Beyond Bulimia Face: Other Effects of Bulimia

Not everyone with bulimia nervosa purges by throwing up, and not every person who engages in self-induced vomiting experiences facial swelling. If you are concerned that a child, friend, or partner in your life may struggle with binging and purging behaviours, it’s important to watch for the warning signs.

Parents in Conflict and the Children Who Live Through the Trauma

Physical Symptoms of Bulimia

The physical effects of bulimia include swollen cheeks, but they don’t stop there. The dehydration, nutritional loss, and physical stress associated with this eating disorder are seen throughout the whole body, including:

  • Rapid weight gain or weight loss
  • Thinning or brittle hair
  • Dental problems, tooth enamel erosion, and pain
  • Cuts on knuckles or fingers caused by triggering vomiting
  • Electrolyte imbalance
  • Dry, dull, or sallow skin
  • Low blood pressure
  • Bad breath
  • Oral canker sores
  • Acid reflux complaints

The Long-Term Physical Effects of Bulimia

Bulimia can have long-term physical side effects centred on individuals’ oral and digestive health if they develop sores in the mouth or tooth decay that is left untreated. Young people in remission or seeking treatment for bulimia are greatly encouraged to schedule a dental appointment in addition to one with a mental health professional as soon as possible to stop any physical damage from progressing.

Finally, while the list of immediate physical signs may appear mild, bulimia can have devastating effects on many physiological systems if untreated. Chronic dehydration, electrolyte imbalances, and malnutrition can develop and result in life-threatening kidney and heart problems. At the same time, bulimia has been linked to lowered bone density and the chronic deteriorative disease osteoporosis – a particular issue for girls and growing teens. Those who purge by self-induced vomiting can face complications, including ruptured oesophagus, early rectal prolapse, IBS, and digestive tract tearing.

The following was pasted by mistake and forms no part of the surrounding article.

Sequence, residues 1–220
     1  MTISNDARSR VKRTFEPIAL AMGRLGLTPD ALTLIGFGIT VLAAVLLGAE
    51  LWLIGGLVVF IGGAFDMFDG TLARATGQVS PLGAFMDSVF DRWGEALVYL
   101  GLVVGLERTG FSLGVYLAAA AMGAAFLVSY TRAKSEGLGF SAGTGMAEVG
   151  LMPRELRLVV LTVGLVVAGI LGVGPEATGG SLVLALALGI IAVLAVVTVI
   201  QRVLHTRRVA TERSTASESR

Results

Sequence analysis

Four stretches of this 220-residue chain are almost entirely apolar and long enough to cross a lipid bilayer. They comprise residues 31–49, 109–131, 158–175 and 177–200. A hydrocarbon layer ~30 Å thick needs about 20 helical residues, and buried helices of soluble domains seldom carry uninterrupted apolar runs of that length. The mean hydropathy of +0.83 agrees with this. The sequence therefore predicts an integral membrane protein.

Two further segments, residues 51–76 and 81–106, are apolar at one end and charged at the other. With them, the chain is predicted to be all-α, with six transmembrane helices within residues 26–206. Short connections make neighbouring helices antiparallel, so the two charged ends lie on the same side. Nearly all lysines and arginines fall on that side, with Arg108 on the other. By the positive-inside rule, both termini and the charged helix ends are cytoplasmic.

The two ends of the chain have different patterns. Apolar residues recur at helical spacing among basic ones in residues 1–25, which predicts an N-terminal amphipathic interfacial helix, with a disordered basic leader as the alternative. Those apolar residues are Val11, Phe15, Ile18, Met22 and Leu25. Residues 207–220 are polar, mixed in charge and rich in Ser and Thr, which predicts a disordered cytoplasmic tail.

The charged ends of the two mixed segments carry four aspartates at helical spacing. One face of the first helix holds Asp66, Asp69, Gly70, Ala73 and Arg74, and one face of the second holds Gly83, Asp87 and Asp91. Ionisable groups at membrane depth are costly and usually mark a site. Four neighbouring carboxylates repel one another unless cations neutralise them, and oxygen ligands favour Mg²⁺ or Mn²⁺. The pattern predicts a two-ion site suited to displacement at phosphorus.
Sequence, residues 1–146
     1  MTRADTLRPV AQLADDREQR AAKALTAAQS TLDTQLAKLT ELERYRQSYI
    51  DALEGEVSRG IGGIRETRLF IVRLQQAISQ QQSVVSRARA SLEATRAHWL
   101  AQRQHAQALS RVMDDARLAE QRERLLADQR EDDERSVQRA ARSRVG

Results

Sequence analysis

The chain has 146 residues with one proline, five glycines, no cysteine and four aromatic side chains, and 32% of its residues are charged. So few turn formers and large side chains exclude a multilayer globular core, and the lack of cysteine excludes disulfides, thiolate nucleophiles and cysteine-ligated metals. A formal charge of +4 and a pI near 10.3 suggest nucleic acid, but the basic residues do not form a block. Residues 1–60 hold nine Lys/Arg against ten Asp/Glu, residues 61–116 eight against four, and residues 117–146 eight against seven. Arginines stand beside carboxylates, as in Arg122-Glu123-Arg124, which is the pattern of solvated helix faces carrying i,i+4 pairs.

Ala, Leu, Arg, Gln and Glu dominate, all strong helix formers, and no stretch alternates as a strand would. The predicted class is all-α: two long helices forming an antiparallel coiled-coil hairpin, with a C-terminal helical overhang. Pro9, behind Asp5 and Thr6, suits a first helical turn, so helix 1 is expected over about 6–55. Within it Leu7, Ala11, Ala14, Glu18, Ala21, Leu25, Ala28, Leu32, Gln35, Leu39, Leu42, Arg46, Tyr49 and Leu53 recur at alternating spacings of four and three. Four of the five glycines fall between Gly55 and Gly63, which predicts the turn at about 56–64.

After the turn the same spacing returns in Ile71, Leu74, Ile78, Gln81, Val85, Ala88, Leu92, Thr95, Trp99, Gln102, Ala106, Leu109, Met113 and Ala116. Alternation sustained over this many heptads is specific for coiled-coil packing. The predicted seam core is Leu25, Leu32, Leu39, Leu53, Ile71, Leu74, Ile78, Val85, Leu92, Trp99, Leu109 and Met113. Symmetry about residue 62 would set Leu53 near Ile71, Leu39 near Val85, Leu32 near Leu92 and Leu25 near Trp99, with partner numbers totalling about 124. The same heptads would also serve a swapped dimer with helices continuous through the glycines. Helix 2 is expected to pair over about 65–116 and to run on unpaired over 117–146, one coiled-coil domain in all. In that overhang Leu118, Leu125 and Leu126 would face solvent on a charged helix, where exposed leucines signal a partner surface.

Emotional and Behavioural Symptoms of Bulimia

The effects of bulimia pervade much further than the human body: often, the warning signs of bulimia start in the mind. You may notice any of the following signs of an eating disorder manifest long before physical effects do:

  • Storing large quantities of food around personal space
  • Binge eating in secrecy (e.g., late-night kitchen sweeps or eating when parents aren’t at home)
  • Extreme concern or dysphoria over body shape and size
  • Sudden interest in extreme or excessive exercise
  • Mood swings
  • Self-isolation due to concerns about appearance
  • Low self-esteem
  • Depression
  • Anxiety

Many people are socialised to avoid talking about eating disorders, weight gain, and weight loss, something most of us learn very early. If someone you care about is taking unhealthy measures to prevent weight gain, they may struggle to discuss it with you or anyone. If you see signs of an eating disorder but aren’t sure where to start, professional help is available to support you in starting the conversation.

Treatment for Eating Disorders and Body Dysmorphic Disorders

The Wave is a residential mental health treatment centre that focuses solely on the specific needs of adolescents and young people. We know that clients’ habits and health choices during this time of their life have truly profound long-term effects. 

We treat eating disorders with an approach that is holistic, evidence-proven, and sometimes alternative, taking each person’s journey with the responsibility and compassion it deserves. If you would like to learn more about what recovery at The Wave could mean for you or your loved one – we encourage you to reach out today.

Fiona - The Wave Clinic

Fiona Yassin is the founder and clinical director at The Wave Clinic. She is a U.K. and International registered Psychotherapist and Accredited Clinical Supervisor (U.K. and UNCG).